Crime Library: Criminal Minds and Methods

Paul John Knowles: The Casanova Killer

Closing In

For nearly two tense days, as they awaited word about Knowles and the two male hostages, the police tried to close in on the fugitive.   Finally, on November 17, he came.  He was alone in a car, and he ran a police roadblock in Stockbridge, Georgia, but lost control of the car, slammed into a tree, jumped out, and tried to run.  Firing a gun to keep people back, he disappeared into the Henry County woods.  Inside the abandoned car, police found a gunbelt and hat that had belonged to Campbell.  There was no evidence that the men had been shot or stabbed, so the police hoped that they might still be found.  For four hours (Fawkes says two), the police used tracking dogs and helicopters to locate Knowles, under orders to take him alive for whatever information they could get from him about the missing men, and he was finally brought in by an armed civilian with a shotgun.  Knowles asked him for help, but Clark forced him toward a house, where that resident was asked to phone the police. 

Paul John Knowles in custody
Paul John Knowles in custody

Knowles provided no information about the fate of his hostages, and when he was taken to the police station to be detained, he spotted a crowd of journalists.  He apparently decided that he liked the attention, so he clammed up and would not say whether the police officer or the hapless driver he had taken into the woods were dead or alive.  He even played a little game, telling officers that one word would provide the right clue for determining their whereabouts, but then would not say the word.  One thing was for sure: If they were bound somewhere, without some assistance, they would soon die.   An intensive search was conducted to find them, and off-duty officers came in to assist.  The police arranged to have Fawkes talk to Knowles so she could try to coax information from him, but when she offered an interview exclusive to a local paper, investigators stopped that plan and looked for an alternative.  They were desperate to get to the hostages before nightfall.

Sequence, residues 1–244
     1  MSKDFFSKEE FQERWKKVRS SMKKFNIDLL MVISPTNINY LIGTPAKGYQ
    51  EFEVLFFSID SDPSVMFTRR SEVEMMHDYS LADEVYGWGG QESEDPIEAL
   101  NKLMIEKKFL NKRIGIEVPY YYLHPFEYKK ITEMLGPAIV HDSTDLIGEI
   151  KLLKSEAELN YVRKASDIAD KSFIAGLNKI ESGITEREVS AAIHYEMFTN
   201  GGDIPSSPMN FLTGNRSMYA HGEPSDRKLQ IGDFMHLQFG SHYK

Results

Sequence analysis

However, the men weren't found that day, or the next three.  It was not until November 21 that some hunters came across them in a wooded thicket an hour from Macon.  It turned out that Knowles had taken them into the woods, handcuffed them to a tree, and shot them both in the head execution-style.  There had never been any hope for them.  Knowles then said that the "word" that would have helped to locate them was "Pabst," for the brewery nearby.

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